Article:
Until 1959, the Cuban government followed a policy of free enterprise; government ownership was largely limited to local utilities. When the Castro government came to power in 1959, it proceeded to create a centrally planned economy. By means of nationalization and expropriation, all producer industries, mines, refineries, communications, and export-import concerns were brought under government control by 1968.
Planning in the 1960s vacillated on the question of whether Cuba should concentrate on the production of sugar, on industrialization, or on a balance between the two. After 1963, sugar predominated. But the effort that went into the 1970 harvest diverted enormous resources from other sectors of the economy. At the same time, there was growing absenteeism, and low productivity in the labor force, attributed to the policy of eliminating material incentives. Under the Economic Management System, pay was again tied to production though the introduction of a system akin to piecework.
The 1975–80 development plan, approved by at the PCC Congress in December 1975, set specific production goals for Cuban industry and projected an overall economic growth rate of 6% annually; it was announced in 1980 that the actual growth rate was 4%. The 1981–85 plan introduced new incentive schemes and gave more freedom to market forces; it also eased restrictive hiring regulation. One of the major aims of the plan was to increase industry's share of gross social product to 50%, but industry accounted for only 45.3% in 1985. The 1986–90 plan envisioned a 5% annual growth and aimed particularly at an increase in exports. In December 1986, 28 austerity measures were approved by the National Assembly, including increases in transport and electricity prices and rationing of kerosene.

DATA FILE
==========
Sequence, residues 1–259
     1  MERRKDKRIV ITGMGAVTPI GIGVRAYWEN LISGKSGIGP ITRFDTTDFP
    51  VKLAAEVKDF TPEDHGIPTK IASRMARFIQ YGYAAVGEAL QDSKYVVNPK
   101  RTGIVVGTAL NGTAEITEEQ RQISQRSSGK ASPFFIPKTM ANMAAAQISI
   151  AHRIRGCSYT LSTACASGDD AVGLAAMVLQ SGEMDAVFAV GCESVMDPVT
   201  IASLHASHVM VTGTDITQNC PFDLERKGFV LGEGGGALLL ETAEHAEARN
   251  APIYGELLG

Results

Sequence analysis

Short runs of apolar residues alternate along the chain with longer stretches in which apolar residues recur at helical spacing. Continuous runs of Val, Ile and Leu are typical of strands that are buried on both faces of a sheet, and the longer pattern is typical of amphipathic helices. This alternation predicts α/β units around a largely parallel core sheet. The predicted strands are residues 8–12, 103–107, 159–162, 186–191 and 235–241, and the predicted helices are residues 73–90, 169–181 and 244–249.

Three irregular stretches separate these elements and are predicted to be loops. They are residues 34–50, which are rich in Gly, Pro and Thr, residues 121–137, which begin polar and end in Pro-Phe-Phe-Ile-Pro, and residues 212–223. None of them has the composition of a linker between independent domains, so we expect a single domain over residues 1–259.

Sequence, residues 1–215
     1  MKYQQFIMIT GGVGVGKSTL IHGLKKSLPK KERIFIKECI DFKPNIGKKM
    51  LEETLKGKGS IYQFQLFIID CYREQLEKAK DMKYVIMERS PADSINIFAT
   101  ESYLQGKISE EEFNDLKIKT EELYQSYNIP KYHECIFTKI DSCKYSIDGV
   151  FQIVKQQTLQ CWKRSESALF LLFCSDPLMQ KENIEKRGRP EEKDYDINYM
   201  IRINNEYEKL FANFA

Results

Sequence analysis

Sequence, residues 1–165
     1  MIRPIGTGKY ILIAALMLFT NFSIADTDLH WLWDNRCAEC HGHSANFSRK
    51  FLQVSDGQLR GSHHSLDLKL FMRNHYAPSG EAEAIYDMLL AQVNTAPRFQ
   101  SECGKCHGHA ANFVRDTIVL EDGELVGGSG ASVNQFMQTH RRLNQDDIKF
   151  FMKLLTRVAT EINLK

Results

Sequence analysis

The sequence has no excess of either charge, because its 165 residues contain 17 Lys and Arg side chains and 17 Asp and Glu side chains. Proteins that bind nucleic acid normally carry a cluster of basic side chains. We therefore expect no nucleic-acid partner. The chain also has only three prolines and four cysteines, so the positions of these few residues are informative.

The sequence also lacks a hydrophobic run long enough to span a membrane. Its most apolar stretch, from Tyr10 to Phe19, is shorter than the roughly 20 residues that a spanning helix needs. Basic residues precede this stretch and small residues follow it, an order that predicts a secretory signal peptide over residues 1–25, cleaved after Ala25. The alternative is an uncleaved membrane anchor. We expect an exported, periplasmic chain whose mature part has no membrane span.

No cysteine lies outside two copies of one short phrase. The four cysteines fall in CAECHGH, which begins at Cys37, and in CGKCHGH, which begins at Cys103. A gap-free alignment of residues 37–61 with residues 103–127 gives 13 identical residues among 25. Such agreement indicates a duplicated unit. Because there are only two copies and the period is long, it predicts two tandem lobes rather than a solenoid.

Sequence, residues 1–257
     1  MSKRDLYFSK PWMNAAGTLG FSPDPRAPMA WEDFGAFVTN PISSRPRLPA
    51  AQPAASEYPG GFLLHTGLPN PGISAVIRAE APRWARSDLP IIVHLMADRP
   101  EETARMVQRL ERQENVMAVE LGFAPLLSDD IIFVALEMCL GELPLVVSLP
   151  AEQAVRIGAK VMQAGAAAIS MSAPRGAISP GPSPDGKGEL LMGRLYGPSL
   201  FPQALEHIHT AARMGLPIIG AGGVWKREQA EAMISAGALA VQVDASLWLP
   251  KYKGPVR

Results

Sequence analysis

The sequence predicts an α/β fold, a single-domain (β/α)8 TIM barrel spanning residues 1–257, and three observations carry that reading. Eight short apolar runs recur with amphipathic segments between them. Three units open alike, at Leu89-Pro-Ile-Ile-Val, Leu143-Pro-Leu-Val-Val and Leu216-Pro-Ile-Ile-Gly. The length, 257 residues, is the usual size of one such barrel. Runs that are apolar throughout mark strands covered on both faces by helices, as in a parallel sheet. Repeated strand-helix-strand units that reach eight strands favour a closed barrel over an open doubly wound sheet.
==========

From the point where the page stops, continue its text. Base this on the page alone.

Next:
Under several finance and investment accords signed by Cuba and Russia in 1992 and 1993, Russia agreed to supply fuel, tires and spare parts for mechanical harvesters and other vehicles, fertilizers, and herbicides for Cuba's sugar harvest. In addition, Russia agreed to import a minimum of 2 million tons of Cuban sugar. Russia also agreed to extend a $350 million credit to Cuba to complete and further develop a number of oil, energy, and nickel mining projects that had previously been backed by the Soviet Union.
Since 1998, Cuba has sat as an observer at International Monetary Fund (IMF)/World Bank meetings. Cuba's economic planners predicted a 1.5% growth rate for 2003, as tourism declined following the 11 September 2001 terrorist attacks on the United States, sugar prices were low, hurricanes damaged the island, and external financing was lacking. The Central Bank reported a $12.2 billion hard-currency foreign debt by late 2002. Direct foreign investment in Cuba declined to $38.9 million in 2001. Unemployment stands at approximately 12%, but close to 30% of workers have been displaced or underemployed. Castro in 2003 replaced at least five officials in economy-related government positions in an effort to combat a faltering economy. Cubans increasingly turn to the black market for food, clothing, and household goods. Cuba continued to apply timid market reforms while actively seeking foreign investment. Economic growth in the late 1990s came from an expansion of manufacturing, tourism, mining, and services. Other positive factors included the improved tourist industry and a sharp recovery of the cigar industry. Indeed, during the 1990s, tourism replaced sugar exports as Cuba's primary source of foreign exchange. The creation of a new Central Bank completed financial sector reforms begun in 1995. These reflected the increased role of the private sector in financial transactions. In 2000, the Cuban economy continued its growth through the generous investment of foreign countries, but the US trade embargo held fast in the face of opposition from key US political leaders.